The Baron once pointed out to me that my daughter did not respect my parenting. He thought it had been undermined when she was small and saw the abuse and chaos and made a determination not to EVER be like that. Her younger brother respected my parental boundary and as a result he made different, better choices for himself. He also taught me what it meant to admire your kids as they mature.

        I wonder what Nadine would’ve said about her respect (not love, it’s never about love. My daughter loved me deeply) for her parents. I feel great sadness for this family. They have a long hard row to hoe. And, yes, they remain a family, even though divorced, and even though one member is now permanently gone. The hole she left cannot be erased by any of them.

        • I am intensely sorry about the grief you have been given. I can think only of the words from a writing you surely know as well as John Donne; “Words cannot utter it.”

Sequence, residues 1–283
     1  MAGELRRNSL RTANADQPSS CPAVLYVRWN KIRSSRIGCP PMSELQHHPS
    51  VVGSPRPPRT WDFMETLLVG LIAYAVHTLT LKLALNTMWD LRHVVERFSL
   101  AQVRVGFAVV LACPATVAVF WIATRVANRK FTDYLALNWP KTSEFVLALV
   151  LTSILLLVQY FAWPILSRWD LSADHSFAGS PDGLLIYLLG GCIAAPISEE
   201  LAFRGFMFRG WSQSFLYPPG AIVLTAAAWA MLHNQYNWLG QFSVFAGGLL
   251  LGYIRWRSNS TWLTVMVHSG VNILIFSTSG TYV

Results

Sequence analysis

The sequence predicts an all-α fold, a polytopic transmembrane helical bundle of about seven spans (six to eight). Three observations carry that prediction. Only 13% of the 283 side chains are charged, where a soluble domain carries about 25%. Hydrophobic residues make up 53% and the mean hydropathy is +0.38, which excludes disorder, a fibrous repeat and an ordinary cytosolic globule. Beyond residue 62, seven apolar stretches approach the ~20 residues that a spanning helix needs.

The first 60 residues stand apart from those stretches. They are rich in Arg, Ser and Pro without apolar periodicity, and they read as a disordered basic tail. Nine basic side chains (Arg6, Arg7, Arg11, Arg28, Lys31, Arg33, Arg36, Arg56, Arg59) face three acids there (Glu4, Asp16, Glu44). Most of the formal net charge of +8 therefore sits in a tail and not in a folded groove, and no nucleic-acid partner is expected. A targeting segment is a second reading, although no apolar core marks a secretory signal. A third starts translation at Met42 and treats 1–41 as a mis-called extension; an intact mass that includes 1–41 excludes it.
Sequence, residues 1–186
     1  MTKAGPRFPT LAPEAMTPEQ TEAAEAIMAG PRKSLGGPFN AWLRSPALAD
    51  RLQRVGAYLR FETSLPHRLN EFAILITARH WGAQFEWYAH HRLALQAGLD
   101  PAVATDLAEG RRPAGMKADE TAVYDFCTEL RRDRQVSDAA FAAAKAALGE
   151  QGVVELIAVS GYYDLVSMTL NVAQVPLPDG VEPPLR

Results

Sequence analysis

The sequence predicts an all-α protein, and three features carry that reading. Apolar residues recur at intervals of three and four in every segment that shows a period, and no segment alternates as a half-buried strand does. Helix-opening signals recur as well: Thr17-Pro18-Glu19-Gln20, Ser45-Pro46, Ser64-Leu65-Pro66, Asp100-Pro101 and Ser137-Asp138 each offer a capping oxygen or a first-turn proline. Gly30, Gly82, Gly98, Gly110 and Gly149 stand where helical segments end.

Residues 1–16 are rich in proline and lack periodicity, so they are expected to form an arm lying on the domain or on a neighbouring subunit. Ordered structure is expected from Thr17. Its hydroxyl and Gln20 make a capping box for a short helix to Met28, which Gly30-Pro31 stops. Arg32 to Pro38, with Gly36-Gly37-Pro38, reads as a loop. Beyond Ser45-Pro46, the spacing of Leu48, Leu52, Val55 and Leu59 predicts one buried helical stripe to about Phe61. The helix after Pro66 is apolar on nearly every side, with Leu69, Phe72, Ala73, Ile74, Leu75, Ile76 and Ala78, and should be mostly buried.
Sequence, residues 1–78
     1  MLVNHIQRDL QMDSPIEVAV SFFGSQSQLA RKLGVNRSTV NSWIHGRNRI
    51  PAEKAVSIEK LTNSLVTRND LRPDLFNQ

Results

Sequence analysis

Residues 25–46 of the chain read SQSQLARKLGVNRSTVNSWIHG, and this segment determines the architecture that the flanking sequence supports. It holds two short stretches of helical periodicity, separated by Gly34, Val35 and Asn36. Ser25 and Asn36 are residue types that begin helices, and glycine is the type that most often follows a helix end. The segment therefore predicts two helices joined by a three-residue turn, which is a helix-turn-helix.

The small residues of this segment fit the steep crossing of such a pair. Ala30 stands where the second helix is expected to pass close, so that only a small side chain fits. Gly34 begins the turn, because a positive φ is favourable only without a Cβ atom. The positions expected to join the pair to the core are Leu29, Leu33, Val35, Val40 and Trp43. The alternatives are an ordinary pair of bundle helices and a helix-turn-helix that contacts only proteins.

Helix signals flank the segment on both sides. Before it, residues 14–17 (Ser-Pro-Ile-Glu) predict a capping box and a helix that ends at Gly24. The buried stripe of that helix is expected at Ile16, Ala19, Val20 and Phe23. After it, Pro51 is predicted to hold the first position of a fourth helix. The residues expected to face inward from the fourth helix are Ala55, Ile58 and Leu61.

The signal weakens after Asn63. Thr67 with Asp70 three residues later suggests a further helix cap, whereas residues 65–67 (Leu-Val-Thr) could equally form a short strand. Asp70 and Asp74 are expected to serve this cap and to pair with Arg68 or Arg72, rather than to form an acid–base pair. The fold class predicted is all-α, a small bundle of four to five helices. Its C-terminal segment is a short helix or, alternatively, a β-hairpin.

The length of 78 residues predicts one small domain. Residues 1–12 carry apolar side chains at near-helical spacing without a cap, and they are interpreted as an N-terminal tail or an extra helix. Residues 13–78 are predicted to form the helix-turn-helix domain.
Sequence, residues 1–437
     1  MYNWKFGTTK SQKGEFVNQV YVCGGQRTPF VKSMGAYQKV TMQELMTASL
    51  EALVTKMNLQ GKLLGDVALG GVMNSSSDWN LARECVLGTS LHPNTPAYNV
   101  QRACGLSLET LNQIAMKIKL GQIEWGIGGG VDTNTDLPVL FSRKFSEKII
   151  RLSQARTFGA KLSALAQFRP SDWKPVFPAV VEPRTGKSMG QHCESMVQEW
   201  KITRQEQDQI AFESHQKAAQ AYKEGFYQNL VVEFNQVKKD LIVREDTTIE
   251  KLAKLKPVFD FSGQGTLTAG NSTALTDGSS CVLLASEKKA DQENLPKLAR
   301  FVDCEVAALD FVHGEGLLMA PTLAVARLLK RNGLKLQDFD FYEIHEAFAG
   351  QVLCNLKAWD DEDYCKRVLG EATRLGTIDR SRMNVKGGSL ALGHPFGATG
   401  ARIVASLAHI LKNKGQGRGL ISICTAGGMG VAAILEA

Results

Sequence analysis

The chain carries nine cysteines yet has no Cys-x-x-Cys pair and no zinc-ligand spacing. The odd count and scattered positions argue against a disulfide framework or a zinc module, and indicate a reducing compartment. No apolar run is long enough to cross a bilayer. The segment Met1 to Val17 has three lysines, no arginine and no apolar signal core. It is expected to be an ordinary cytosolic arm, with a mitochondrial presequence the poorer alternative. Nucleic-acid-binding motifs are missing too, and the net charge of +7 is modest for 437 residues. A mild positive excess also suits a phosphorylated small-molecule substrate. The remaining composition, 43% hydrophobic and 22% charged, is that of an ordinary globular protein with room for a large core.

• It’s an old grief by now. Shelagh is far happier, to my way of thinking, than she ever was here. I remember her asking the parish priest, when she was eight years old, if he believed in Purgatory. When he replied that he did, she said, (as you can imagine, rather sadly): “Yes, Father, I do too. I think Purgatory is right here”. I can’t describe the look he gave me…so now she’s not in Purgatory any more. Good for her!

            When I woke up the morning following the day she’d died, I heard her voice very clearly. She was laughing and said, teasingly, “So, Mom, what are you going to do on this first day of the rest of your life without me?” I told her I had no idea…

        • There are some interesting, even deep ideas there, Dymphna – about respect versus love, and about the profound acceptance that sometimes death is a release for the tormented. As a father of a headstrong daughter – now mercifully in recovery – I can relate.

          Life is fragile, and for some souls calm and serenity are elusive. Food for thought indeed, on a cold, bracing night. Regards,

  3. Dymphna,